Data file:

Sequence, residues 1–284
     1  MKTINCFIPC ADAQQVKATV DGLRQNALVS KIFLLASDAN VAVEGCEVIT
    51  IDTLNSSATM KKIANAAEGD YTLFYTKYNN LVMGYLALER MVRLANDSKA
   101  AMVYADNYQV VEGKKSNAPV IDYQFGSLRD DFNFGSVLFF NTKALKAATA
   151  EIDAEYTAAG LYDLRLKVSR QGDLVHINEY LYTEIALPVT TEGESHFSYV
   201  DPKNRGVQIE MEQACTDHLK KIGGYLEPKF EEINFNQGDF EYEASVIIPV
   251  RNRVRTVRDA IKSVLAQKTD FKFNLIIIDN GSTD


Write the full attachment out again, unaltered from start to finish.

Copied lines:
Sequence, residues 1–284
     1  MKTINCFIPC ADAQQVKATV DGLRQNALVS KIFLLASDAN VAVEGCEVIT
    51  IDTLNSSATM KKIANAAEGD YTLFYTKYNN LVMGYLALER MVRLANDSKA
   101  AMVYADNYQV VEGKKSNAPV IDYQFGSLRD DFNFGSVLFF NTKALKAATA
   151  EIDAEYTAAG LYDLRLKVSR QGDLVHINEY LYTEIALPVT TEGESHFSYV
   201  DPKNRGVQIE MEQACTDHLK KIGGYLEPKF EEINFNQGDF EYEASVIIPV
   251  RNRVRTVRDA IKSVLAQKTD FKFNLIIIDN GSTD